By Doug Wuebben, AuntMinnie.com contributing writer, Mark Roozen, AuntMinnie.com contributing writer

July 17, 2014 -- Just because you don't play tennis or racket sports doesn't mean you can't come down with tennis elbow, also known as lateral epicondylitis. A painful condition caused by overuse, tennis elbow can be triggered by repetitive movements on the job, such as the daily work of a sonographer.

In those with the condition, the tendons that join the forearm muscles on the outside of the elbow become inflamed. The forearm muscles and tendons become damaged when the same motions are repeated again and again. This leads to pain and tenderness in the area of the elbow.

Many times, we only look at the forearm and elbow area to help relieve the pain. These areas, indeed, can be the cause of problem, but we also need to go a step further and take into account the wrist, the entire arm, and even the whole body.

We need to make sure that the neck and scapula (shoulder blade) are moving correctly and not leading to problems in other parts of the body. Even though the symptoms are in the elbow, the culprit causing the pain could be in a different area.

Folks tell me all the time that they use a brace to help relieve the elbow pain. That's great, but keep in mind that while a brace centered over the back of your forearm could help relieve symptoms of tennis elbow, it might not fix what's causing the problem.

Training and stretching exercises can accomplish that goal. First, though, here's how to tape the forearm to help secure the muscle in a position to relieve pain while working and doing corrective exercises (figures 1, 2, and 3). This can reduce symptoms by resting the muscles and tendons that are being overworked.

Tape for bracing
Figure 1: Tape to use for bracing. All images courtesy of Mark Roozen and Doug Wuebben.
Roll up tape
Figure 2: Roll some of the tape and place it on the thumb side of the forearm.
Tape around the forearm
Figure 3: Place tape around the forearm.

Keep in mind that this doesn't stop the cause of the pain; it just gives some relief. To stop the pain and to remain pain-free, do some of the following training exercises for five to 10 minutes, two or three days a week. You don't have to do all of the exercises presented here and those to come in part 2; pick one or two for day 1, and then one or two more for the next training day.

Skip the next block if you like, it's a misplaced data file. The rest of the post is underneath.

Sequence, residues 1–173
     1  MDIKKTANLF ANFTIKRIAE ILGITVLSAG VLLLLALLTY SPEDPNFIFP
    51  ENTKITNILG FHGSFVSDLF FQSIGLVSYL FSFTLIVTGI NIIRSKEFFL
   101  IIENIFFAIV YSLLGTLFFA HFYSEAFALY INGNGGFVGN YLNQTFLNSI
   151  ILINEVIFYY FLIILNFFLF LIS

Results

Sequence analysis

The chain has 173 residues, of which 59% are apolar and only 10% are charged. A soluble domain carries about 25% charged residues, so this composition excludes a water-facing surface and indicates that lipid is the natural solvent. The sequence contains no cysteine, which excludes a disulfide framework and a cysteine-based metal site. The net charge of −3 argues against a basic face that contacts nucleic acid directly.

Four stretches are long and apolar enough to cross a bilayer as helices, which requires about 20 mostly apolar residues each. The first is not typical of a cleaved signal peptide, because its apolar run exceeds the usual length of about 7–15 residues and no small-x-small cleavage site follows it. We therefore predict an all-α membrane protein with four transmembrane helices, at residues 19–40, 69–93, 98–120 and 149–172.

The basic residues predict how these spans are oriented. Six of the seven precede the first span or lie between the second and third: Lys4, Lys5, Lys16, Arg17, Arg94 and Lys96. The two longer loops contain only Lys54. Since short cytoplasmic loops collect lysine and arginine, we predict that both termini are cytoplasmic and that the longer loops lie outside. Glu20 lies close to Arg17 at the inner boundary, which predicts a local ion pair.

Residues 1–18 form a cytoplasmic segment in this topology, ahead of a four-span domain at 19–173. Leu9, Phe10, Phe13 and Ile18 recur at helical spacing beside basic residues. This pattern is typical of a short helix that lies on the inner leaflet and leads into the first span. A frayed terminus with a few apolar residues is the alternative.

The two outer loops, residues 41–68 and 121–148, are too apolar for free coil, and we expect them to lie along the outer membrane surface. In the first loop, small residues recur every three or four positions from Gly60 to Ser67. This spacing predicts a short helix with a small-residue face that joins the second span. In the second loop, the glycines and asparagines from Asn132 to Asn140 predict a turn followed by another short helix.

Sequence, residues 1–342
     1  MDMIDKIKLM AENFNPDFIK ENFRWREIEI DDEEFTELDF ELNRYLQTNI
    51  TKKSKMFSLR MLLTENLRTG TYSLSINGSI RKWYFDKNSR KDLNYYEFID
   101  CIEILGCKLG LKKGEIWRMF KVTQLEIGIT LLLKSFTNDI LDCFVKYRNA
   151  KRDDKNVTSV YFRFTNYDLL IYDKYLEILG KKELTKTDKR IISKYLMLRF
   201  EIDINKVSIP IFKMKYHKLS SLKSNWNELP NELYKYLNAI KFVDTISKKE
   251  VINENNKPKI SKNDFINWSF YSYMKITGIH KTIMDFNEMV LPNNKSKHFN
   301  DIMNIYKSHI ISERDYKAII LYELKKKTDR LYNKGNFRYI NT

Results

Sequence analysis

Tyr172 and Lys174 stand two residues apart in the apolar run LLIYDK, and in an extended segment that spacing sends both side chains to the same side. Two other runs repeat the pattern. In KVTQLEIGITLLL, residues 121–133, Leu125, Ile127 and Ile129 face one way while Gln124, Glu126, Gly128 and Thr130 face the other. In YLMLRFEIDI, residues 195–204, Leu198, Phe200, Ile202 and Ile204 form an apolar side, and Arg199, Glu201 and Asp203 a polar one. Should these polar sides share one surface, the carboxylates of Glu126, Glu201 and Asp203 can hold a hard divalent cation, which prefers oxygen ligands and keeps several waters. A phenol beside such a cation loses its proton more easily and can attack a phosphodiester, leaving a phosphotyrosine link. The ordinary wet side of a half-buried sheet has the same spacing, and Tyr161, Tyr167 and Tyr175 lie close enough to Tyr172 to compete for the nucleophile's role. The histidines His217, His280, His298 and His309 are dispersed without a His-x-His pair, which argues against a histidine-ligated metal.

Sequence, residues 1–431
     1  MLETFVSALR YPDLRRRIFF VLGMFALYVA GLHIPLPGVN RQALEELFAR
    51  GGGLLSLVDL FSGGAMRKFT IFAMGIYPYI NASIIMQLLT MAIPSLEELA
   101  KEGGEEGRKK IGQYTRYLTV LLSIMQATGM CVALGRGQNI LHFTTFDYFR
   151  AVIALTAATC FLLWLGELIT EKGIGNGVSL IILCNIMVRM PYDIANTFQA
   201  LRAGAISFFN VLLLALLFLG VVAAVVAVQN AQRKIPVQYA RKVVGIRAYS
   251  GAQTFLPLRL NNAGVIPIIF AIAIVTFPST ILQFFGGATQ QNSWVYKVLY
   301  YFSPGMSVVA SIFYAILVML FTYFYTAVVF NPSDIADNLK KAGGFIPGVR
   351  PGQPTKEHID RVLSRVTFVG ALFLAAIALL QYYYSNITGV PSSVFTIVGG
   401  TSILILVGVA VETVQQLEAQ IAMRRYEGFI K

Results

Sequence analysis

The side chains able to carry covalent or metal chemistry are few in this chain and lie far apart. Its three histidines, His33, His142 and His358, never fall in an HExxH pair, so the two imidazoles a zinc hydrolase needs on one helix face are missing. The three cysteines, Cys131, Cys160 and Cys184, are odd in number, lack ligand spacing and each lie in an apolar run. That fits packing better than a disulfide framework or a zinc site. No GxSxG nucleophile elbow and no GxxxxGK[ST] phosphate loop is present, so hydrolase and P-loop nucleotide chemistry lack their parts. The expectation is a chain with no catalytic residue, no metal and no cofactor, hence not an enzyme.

The first two exercises are mobility and stretching exercises.

Corner stretch
Figure 4.

Mobility/stretching

Corner stretch

The corner stretch will improve mobility of the shoulders and flexibility of the upper back and shoulders. To begin, stand in a corner and bend your arms to 90°. Place your hands, forearms, and elbows on the wall, with your left arm on the left wall and right arm on the right wall (figure 4). Slowly lean your upper body into the wall, working to bring your chest into the corner (do not lead with your head/nose).

Make sure that the upper arms are out straight from the shoulders and that they are not positioned too high on the wall. The arms should be at 90° angles. Next, move up the wall to 45° angles and repeat, leaning into the corner while leading with the chest (figure 5).

After that, move up the wall with your hands, extending your arms above your head. Again, lean into the corner with your chest.

Finally, work your way back down to the 90° position.

Corner stretch
Figure 5.

Doorjamb grab

Doorjamb grab
Figure 6.

The doorjamb grab will improve mobility of the shoulders, back, and core and also flexibility of the entire back and shoulders.

Begin by standing in the middle of the doorway. To stretch the left side, bring your right elbow to your side and brace your right hand against the doorframe. Reach your left arm over the top of your head and grab the doorjamb (figure 6).

As you lean away from the doorjamb, pushing your hips away, work to keep your right hip forward; try not to let it drop back. Hold for 20-30 seconds and then repeat the stretch on the other side.

In our second article on tennis elbow, we'll show you three strengthening and stability exercises that you can incorporate into your exercise routine.

Doug Wuebben is a registered echocardiographer and also a consultant, national presenter, and author of e-books in the areas of ergonomics, exercise and pain, and injury correction for sonographers. He has also been published on the topics of telemedicine and achieving lab accreditation, and he can be reached at livepainfree4u@gmail.com. Mark Roozen is a strength coach with the Cleveland Browns and also the owner and president of Performance Edge Training Systems (PETS).

The comments and observations expressed herein are those of the authors and do not necessarily reflect the opinions of AuntMinnie.com.


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